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Im getting the following error:

Cannot use local variable 'dob' before it is declared

Here is my implementation

public class Person
    {
        ...
        public string dob { get; set; }
        ...

       public int getAge()
       {
                DateTime origin = DateTime.Parse(dob);
                return DateTime.Today.Year - origin.Year;
        }

        public string getFormattedDoB()
        {
                DateTime origin = DateTime.Parse(dob);
                string dob = origin.ToString("d");
                return dob;
        }
    }

I am not sure what to make of this because it is complaining about it's use of dob in getFormattedDoB() but not in getAge() which comes before it. If anyone could shed some light on this that would be great

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1  
Can you explain why dob is not DateTime? You would need a pretty good reason to use string over a specific type. –  ChaosPandion Apr 12 '12 at 1:57
    
It's part of a merger program that retrieves information from a Unix based program, so it's easier to transport the time in seconds as a string and parse into the DateTime on the Windows end –  CStreel Apr 12 '12 at 1:59
    
OK but it seems rather pointless to parse the string every time. Why not simply do it once? –  ChaosPandion Apr 12 '12 at 2:04
    
This is the first iteration of the program, that was one of many future optimization i have planned –  CStreel Apr 12 '12 at 2:05

4 Answers 4

up vote 9 down vote accepted

You've declared a local variable in getFormattedDoB called dob. The compiler can't tell the difference between that and the member dob. Try adding "this" where you mean the member variable rather than the local:

DateTime origin = DateTime.Parse(this.dob);

Better still, don't use the same name for the local variable.

Edit: Unless you did actually intended to set the member variable and not create a new one. In which case remove the "string" as Andrew suggested.

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Thanks for that i didn't pick that up >< –  CStreel Apr 12 '12 at 1:51
3  
The error is not that the compiler cannot tell the difference; the compiler can tell the difference. Rather, the error is the error that is actually reported. A local variable is in scope throughout the block; it is an error to use it before the declaration. –  Eric Lippert Apr 12 '12 at 6:08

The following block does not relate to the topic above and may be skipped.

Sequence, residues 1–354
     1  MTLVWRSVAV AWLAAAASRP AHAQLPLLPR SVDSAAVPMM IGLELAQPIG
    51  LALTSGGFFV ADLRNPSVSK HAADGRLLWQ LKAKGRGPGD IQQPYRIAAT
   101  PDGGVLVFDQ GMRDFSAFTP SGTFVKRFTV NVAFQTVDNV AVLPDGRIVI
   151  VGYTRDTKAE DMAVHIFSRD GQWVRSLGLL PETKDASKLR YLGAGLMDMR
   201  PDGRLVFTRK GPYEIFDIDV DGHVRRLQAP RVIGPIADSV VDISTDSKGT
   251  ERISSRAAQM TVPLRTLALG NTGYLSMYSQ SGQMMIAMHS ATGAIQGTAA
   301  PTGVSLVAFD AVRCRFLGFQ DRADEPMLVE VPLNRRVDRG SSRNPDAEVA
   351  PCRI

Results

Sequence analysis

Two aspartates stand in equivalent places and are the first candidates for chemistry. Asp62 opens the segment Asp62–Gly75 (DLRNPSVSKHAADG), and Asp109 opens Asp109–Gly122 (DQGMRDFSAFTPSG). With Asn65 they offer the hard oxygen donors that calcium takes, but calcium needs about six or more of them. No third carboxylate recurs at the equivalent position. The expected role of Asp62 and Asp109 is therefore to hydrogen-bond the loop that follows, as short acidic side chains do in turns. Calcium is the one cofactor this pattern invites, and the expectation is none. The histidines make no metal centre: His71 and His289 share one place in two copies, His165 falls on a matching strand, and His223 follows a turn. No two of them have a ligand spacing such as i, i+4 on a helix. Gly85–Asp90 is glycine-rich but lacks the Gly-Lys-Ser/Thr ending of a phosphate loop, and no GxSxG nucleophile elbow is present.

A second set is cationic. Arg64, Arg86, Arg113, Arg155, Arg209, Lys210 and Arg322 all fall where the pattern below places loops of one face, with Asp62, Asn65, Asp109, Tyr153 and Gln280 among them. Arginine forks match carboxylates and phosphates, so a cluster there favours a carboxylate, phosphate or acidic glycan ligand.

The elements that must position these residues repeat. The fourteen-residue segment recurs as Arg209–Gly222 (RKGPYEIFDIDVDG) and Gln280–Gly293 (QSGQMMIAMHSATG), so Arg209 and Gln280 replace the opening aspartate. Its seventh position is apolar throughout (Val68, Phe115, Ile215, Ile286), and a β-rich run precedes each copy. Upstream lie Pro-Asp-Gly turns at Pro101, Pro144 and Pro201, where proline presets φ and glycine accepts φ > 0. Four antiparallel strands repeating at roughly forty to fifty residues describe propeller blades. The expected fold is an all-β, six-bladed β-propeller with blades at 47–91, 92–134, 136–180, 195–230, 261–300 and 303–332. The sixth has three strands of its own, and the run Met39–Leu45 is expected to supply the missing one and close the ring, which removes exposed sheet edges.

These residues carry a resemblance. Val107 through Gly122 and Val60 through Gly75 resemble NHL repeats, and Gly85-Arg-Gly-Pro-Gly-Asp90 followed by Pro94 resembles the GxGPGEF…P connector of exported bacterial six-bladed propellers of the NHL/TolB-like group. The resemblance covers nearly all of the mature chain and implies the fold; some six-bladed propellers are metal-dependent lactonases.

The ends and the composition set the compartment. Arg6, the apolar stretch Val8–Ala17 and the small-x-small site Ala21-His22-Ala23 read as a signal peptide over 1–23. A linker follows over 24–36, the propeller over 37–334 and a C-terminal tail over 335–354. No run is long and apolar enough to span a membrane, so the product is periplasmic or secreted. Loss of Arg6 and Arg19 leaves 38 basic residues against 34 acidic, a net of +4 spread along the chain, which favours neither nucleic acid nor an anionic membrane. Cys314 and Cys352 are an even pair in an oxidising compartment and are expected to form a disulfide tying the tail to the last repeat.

The problem is that you have two dobs- the property and the local variable. The scope of a variable declaration (string dob = ...) is the whole block (everything between the { and }). Therefore the compiler thinks that on the line:

DateTime origin = DateTime.Parse(dob);

you are using the dob variable before it is declared, when (we assume) you really meant the dob property.

As others have mentioned, you should rename the property. The standard naming convention in C# would be

public String DateOfBirth { get; set; } 
//(assuming that is what DOB stands for)

or better yet

public DateTime DateOfBirth { get; set; } 
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You have reused the variable name "dob" in getFormattedDoB as a local string, which is confusing the compiler. There are 2 possible solutions:

  1. Rename the local dob in getFormattedDoB (which you really should do because it's good practice).
  2. Use this.dob in the following line to specify the class level variable (which you should probably also do because it's also good practice:

    DateTime origin = DateTime.Parse(this.dob);

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You are redeclaring dob in

string dob = origin.ToString("d"); 

it should be

 dob = origin.ToString("d"); 
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